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How can I find out if my iPhone (or iPad) has been jailbreaked (with a drive-by injection for example)? Is there an app for that?

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I don't think a driveby jailbreak even exists. There were jailbreaks that you could initiate in Safari for certain versions of iOS, but as far a I know nothing like that was ever exploited for nefarious purposes. What version of iOS are you running? –  Chris Herbert Nov 6 '12 at 19:59
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It's a reasonable question in the case where the users phone was out of their control for a little while. I imagine it would also be useful for people who arrive at this page suspious that a jelous other half has installed some stealth tracking app –  Joe Dec 7 '12 at 8:34
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3 Answers 3

up vote 1 down vote accepted

It can be difficult it if was done stealthily (for example - it's fairly easy to hide things like Cydia) - my approach would be to see if iBooks or Skype work - iBooks has historically been broken by jailbreaks and Skype is designed to prevent use on a jailbroken device (which is annoying if you want to use skype, but excellent if you want to know if you are on a jailbroken device).

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Skype works just fine on JB devices (for years now) and iBooks is no longer an issue either. Your suggestions are sorely outdated and this should not have been accepted as the answer. –  cksum Mar 31 '13 at 15:49
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Well if you are on iOS 6 then it is not possible, you would also have a Cydia application on your screen, like this:

enter image description here

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Just so you know, iOS 6 has been Jailbroken for the A4 devices and the 3GS since day 1. –  Andrew Larsson Dec 14 '12 at 20:11
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A jailbreak is essentially 3 points:

  • Patching the kernel to bypass code signing enforcement
  • Making the system partition writable
  • Providing a way of actually accessing it via one of more of:
    • AFC2 server for USB access
    • SSH server for wireless or tunneled USB access
    • A file management app

To check for the presence of AFC2 it is sufficient to use a dedicated PC app such as iFunBox while checking for SSH is harder due to the ability for a dedicated individual (or software!) to change the listening port from the standard 22. And this 3rd point isn't even formally required to call it a jailbreak.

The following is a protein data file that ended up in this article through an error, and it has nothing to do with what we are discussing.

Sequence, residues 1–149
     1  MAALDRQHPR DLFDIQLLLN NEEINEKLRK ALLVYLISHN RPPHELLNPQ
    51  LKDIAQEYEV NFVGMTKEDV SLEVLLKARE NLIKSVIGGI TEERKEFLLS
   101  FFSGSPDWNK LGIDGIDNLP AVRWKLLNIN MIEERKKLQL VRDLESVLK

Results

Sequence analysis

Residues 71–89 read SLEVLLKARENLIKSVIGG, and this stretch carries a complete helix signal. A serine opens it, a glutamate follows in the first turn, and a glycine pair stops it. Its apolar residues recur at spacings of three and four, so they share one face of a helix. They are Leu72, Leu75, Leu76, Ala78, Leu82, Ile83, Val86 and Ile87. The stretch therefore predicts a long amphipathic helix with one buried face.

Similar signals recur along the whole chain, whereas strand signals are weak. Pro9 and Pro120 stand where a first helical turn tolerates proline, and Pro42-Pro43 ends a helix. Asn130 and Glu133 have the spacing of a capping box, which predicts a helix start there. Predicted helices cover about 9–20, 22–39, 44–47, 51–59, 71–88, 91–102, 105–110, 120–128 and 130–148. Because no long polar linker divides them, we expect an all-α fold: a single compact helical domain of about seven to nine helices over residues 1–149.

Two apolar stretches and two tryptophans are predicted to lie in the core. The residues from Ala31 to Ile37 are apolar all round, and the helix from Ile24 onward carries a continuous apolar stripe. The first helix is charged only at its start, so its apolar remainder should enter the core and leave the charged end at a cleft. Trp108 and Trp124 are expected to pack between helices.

You can check for the 2nd point by checking the /etc/fstab file, and since having access to the root partition would easily demonstrate being jailbroken the only alternative would be a SSH ramdisk.

If you're really paranoid about it and don't care for some potentially wasted space if your device was indeed jailbroken, you can create a local backup via iTunes and restore the OS followed by the backup.

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The last two points have nothing to do with JB'ing. SSH is not installed by default and must be done so by the user. The entire filesystem is always writeable, it's just that the root account is not made available until the JB. –  cksum Mar 31 '13 at 15:52
    
No. The system partition is read-only on stock iOS, and I did warn that checking for some filesystem access is not an ultimately reliable method… –  Ryccardo Mar 31 '13 at 19:32
    
No it is not. Root has write access to nearly all the files. You can verify this by jailbreaking and checking file permissions on any number of system files. You are completely wrong I'm afraid. This fact is actually pretty obvious as iOS has to open, write to, and execute a number of system files to function. It could not operate in a read-only environment. You are confused between the users root and mobile. –  cksum Apr 1 '13 at 5:17
    
Marking a filesystem as ro in /etc/fstab has priority even over "root doesn't even have to care about permissions" (of course, root can thus remount it read/write which could be possible without editing fstab by running a command on every boot, but nobody with a sane mind would do that :>) –  Ryccardo Apr 1 '13 at 9:21
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